Species of the Month - June 2016: Swifts

This year, Herefordshire Wildlife Trust is running a new series taking a closer look at one key species of flora or fauna each month. For June, we are looking at the swift…

Image: Stefan Johansson

The swift (Apus apus)

Flock of swifts (image: Keta - wikimedia)The swift is a medium-sized, brown bird (though often appearing black in flight,) with a small pale patch on the throat, long, curved wings and a short, forked tail. The swift is known for its tremendous flying skills – eating, drinking, mating and sleeping on the wing. After fledging, birds spend three years continually in flight until they build their first nest at the age of four. Swifts pair for life and also return to the same nest site each year too. These nest sites are often under the eaves of houses, or in churches, and created from a wide range of materials including feathers, paper, straw, hay and seeds. It is cemented together with saliva, and renovated and reused year after year.

For its size, the swift has an exceptionally long life-span, averaging about 5.5 years.

Where to see them

Swifts arrive back from their overwintering sites in Africa in late May or early June. Their autumn migration then takes place from late July through August. Aside from spotting their nests on the outsides of buildings, you may often see swifts in large groups wheeling over roofs and calling to each other with their distinctive, high-pitched ‘screaming’ call.

How to help swifts to thrive

Swift (image: Pawel Kuzniar - wikimedia)The modernisation of many buildings has resulted in loss of nesting sites, so protecting current sites (it is an offence intentionally to take, damage or destroy the eggs, young or nest of a swift whilst it is being built or in use under the Wildlife and Countryside Act of 1981) and creating new sites is very important. Specially developed swift nest boxes can be fitted either within the eaves of a house or on the wall under the eaves though, because swifts need height to take off, single storey buildings are not suitable. To stop other birds using the nest box, block the opening until your local swifts return. Herefordshire Mammal Group are also currently undertaking a Bat and Swift Box Installation Project in ten churches across the county.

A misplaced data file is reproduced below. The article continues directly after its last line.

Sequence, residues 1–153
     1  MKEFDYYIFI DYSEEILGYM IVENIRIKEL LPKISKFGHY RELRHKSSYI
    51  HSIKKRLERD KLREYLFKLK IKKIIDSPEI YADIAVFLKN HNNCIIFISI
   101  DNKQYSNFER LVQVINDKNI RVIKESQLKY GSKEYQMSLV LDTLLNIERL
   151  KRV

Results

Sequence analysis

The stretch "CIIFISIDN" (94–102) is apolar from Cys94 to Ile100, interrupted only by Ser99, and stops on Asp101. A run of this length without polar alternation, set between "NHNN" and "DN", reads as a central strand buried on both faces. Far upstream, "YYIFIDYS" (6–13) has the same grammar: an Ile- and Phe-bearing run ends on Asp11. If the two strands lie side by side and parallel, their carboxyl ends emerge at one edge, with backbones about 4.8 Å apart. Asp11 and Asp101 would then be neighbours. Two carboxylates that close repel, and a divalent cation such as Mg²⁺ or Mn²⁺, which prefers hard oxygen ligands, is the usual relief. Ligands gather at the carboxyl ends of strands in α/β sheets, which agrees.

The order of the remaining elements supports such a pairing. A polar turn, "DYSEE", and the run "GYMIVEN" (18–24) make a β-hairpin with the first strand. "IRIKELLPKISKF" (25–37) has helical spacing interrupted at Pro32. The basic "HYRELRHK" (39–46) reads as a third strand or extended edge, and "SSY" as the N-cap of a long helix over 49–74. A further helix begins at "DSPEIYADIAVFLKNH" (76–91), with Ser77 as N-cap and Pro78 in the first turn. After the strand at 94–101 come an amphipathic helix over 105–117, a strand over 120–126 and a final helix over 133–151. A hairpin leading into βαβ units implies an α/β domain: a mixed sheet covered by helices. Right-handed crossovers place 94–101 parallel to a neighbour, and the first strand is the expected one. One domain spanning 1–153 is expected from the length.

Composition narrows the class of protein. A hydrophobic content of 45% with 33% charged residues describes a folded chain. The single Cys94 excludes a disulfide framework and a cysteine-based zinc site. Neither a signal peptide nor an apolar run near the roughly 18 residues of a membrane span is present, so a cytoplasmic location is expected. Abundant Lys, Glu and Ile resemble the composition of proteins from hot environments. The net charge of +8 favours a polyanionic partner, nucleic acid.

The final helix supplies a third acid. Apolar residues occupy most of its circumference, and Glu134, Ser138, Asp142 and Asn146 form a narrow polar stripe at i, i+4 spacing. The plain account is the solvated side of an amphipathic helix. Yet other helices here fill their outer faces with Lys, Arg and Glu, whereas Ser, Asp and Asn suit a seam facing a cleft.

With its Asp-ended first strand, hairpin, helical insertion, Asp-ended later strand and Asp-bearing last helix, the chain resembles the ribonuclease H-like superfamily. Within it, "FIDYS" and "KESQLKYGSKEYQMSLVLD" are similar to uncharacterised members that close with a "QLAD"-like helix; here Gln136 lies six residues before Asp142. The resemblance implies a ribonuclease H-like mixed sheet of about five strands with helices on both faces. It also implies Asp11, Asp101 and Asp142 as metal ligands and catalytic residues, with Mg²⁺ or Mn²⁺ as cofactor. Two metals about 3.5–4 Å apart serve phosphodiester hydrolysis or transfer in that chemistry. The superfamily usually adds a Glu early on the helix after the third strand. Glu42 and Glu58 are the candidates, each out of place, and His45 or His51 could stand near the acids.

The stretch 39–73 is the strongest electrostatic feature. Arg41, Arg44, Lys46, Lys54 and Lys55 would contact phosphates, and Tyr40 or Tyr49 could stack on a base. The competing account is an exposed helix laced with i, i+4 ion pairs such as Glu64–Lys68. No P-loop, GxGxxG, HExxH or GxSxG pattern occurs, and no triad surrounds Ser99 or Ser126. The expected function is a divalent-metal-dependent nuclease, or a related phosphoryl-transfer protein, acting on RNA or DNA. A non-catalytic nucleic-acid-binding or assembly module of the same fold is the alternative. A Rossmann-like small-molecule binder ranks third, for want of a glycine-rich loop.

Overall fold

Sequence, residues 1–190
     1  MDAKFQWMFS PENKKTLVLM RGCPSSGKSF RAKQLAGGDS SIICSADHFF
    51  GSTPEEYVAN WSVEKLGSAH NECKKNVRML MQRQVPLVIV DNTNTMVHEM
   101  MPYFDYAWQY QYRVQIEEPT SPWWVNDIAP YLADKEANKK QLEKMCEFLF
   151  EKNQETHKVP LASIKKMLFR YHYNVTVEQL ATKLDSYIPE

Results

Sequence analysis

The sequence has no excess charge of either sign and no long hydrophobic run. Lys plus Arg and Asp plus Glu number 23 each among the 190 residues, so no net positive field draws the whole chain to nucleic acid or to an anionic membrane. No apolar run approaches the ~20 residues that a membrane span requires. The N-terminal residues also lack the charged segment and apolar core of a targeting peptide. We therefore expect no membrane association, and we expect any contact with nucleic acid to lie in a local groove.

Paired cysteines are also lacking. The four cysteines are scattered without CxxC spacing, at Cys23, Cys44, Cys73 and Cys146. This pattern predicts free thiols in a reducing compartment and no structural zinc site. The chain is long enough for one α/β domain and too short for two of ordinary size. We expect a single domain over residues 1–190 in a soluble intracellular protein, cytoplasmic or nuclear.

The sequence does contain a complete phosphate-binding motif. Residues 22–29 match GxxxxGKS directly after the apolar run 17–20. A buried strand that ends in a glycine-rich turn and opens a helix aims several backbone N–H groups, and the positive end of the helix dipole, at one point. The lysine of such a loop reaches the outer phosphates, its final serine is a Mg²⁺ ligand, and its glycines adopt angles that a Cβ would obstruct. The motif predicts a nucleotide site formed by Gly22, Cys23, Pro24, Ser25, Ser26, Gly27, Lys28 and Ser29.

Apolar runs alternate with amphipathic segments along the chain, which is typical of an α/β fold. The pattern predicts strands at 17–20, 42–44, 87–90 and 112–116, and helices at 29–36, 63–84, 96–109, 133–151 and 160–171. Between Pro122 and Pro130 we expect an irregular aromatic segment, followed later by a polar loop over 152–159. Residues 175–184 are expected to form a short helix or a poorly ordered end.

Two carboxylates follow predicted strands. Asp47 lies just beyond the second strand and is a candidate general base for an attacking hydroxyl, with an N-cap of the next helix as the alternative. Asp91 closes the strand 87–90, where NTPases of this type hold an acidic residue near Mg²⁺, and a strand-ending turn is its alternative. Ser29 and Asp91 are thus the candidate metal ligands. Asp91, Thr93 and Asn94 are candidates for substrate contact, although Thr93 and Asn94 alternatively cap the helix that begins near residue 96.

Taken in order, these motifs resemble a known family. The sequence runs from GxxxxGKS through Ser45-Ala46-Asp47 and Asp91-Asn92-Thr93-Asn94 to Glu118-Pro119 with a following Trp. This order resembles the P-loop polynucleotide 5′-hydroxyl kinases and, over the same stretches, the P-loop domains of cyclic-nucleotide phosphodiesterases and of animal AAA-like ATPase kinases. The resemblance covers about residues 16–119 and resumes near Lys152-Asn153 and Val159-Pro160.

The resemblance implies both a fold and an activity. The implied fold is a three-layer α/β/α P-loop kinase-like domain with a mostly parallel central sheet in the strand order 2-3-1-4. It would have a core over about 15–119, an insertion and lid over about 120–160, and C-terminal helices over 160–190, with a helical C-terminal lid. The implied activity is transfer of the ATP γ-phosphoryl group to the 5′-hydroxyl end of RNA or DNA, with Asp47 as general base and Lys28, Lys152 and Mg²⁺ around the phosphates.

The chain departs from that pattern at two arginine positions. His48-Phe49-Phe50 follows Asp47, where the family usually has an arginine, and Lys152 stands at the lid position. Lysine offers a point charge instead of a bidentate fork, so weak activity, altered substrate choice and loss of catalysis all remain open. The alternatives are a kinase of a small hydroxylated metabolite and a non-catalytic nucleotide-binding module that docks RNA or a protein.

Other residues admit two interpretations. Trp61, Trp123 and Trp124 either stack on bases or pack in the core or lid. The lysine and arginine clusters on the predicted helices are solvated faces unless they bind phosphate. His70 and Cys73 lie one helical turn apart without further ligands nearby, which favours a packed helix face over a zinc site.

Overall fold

The legs of a swift are so short in comparison to its long wings that it can struggle to walk or take off from the ground. If you find a swift on the ground that is not obviously injured, place it on your hand and encourage it to take off by slowly raising your arm up and down.

Get in touch

If you spot a swift – or any other species - please do let us know! You can submit records online at www.herefordshirewt.org, email them to us at records@herefordshirewt.co.uk or write to us at Lower House Farm, Ledbury Road, Hereford, HR1 1UT.